Radio is still a young science, and some of the most remarkable advances in it have been contributed by amateurs--that is, by boy experimenters. It is never too late to start in the fascinating game, and the reward for the successful experimenter is rich both in honor and recompense.
e boys feared the worst, especially when they saw a stream of blood trickling down from a wound near her temple.
They worked at top speed, trying to reach her and draw her out from the driver's seat. But the bent and tangled mass of wreckage held her captive, and it was only after other willing hands had come to their assistance that they were able to lift her from the car.
They bore her to a point just outside the door, and laid her on some boxes that were hurriedly placed side by side. Her eyes were closed and she was deadly pale, the whiteness of her face being accentuated by the blood that dripped from her wound. She was a young girl, apparently no more than twenty, and was quietly though tastefully dressed. It was evident that she still breathed, and a slight fluttering of the eyelids indicated that she was returning to consciousness. Directly across the street was the Sterling House, named after its proprietor, and Mrs. Sterling, a motherly looking woman, who was among those who crowded ar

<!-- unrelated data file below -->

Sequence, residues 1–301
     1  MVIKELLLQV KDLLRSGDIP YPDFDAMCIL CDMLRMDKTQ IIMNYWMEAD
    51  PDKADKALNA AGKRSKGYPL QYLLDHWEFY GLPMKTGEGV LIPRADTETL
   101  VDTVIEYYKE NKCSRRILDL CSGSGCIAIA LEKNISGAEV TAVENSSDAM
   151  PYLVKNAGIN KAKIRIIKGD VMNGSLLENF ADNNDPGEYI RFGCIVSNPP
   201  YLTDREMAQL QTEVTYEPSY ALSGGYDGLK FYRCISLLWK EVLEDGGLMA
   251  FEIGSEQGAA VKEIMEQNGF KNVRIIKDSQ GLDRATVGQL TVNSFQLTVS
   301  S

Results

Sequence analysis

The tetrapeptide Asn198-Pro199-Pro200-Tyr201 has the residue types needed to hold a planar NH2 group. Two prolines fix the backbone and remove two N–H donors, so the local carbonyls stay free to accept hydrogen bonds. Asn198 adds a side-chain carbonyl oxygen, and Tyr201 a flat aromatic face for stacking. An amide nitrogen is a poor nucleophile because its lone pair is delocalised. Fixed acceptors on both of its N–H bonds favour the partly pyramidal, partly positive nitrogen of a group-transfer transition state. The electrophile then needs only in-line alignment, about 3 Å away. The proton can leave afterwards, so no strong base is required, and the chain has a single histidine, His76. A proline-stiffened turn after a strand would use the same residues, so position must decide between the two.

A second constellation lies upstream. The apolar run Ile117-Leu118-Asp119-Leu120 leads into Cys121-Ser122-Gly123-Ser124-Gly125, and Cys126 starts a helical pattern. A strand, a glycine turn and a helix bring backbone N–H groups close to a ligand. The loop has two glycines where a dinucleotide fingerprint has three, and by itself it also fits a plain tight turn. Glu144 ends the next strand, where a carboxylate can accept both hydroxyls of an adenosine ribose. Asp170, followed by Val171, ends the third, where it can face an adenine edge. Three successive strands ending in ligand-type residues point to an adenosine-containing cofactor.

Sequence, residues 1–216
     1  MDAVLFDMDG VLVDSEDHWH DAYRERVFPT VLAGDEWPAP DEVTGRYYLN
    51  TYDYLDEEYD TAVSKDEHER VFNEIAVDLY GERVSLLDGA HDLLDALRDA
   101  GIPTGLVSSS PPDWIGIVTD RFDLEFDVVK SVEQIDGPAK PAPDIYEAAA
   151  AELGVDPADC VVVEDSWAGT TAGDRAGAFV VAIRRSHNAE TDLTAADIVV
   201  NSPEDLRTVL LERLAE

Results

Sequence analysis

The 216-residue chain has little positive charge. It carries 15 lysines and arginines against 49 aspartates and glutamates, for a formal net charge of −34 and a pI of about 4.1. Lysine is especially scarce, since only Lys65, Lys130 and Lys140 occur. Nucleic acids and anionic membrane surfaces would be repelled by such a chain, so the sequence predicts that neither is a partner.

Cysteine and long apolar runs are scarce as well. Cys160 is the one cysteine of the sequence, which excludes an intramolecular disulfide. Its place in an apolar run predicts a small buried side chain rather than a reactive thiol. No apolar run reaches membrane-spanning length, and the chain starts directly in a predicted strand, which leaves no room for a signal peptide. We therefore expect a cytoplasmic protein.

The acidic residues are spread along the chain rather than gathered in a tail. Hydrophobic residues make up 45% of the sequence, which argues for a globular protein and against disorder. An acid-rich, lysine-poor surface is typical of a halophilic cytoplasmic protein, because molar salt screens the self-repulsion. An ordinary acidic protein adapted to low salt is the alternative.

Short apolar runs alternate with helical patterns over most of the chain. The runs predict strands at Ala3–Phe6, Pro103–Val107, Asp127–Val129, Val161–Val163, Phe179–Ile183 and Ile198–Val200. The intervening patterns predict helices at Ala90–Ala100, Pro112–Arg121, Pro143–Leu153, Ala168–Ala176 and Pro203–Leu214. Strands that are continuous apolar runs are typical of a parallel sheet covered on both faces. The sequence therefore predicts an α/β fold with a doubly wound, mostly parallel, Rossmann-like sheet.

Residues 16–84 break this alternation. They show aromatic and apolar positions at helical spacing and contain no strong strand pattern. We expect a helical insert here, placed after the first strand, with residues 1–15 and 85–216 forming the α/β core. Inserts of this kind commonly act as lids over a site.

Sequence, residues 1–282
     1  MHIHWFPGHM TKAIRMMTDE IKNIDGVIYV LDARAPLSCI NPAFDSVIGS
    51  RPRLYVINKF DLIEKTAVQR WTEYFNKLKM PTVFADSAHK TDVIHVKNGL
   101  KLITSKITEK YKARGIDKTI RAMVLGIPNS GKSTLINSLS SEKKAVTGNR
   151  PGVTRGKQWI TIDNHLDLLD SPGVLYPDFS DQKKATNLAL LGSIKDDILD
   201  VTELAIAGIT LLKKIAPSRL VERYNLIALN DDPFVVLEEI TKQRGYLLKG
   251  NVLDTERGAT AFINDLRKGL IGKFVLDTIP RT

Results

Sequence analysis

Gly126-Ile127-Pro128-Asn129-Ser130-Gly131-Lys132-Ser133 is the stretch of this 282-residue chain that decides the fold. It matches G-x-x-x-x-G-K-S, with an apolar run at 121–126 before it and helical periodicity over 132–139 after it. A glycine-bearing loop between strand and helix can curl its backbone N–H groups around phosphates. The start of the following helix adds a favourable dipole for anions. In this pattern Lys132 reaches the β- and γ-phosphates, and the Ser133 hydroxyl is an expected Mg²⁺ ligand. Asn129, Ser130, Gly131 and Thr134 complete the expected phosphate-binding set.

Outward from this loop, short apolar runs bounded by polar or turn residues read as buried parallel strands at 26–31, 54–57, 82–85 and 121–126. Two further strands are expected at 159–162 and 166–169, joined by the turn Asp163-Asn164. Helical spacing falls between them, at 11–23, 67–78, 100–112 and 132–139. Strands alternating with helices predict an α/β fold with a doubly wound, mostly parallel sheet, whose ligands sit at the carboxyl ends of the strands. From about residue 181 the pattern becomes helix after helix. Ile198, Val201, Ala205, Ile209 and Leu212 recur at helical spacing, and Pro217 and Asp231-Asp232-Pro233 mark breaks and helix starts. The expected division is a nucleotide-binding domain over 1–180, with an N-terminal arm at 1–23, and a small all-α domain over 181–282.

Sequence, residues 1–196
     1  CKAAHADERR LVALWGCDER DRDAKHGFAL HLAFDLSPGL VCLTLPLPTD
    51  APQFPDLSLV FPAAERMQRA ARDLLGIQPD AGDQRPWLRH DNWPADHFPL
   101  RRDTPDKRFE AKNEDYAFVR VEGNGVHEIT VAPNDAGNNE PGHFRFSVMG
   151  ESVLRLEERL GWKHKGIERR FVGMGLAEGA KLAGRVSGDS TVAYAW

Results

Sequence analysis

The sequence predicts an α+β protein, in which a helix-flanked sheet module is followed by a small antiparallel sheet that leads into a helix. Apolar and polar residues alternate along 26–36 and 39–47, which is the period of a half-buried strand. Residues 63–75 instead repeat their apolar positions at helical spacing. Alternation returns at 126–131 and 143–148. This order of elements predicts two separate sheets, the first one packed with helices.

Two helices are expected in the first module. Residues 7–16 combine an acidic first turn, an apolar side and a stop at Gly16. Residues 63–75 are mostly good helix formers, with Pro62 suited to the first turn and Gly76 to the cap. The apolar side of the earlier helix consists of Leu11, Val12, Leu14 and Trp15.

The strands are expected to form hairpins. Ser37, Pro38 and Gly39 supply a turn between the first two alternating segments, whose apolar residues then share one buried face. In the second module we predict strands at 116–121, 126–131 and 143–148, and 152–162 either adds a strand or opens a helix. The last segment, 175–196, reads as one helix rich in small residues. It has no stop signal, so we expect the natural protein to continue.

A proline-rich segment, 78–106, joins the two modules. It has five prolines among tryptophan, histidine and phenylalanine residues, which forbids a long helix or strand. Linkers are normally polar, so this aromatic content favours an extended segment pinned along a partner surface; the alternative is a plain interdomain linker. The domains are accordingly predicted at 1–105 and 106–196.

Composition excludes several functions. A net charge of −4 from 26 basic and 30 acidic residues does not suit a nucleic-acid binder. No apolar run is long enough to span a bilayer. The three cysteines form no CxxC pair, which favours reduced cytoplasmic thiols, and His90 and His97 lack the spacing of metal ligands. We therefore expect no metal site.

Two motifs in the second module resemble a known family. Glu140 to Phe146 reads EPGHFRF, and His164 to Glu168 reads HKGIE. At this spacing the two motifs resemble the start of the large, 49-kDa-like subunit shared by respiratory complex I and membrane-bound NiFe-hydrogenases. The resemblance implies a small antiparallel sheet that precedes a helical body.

This was not a bad first entry in a young adult series. The characters are fairly engaging, there's a bit of action, a bit of poignancy, a bit of good values and a bit of education woven into the story.
Naturally, it's terribly dated, but the book is a good read for any nostalgist and especially any fan of old time radio (or I should say, OLD old time radio, the days before regular programming).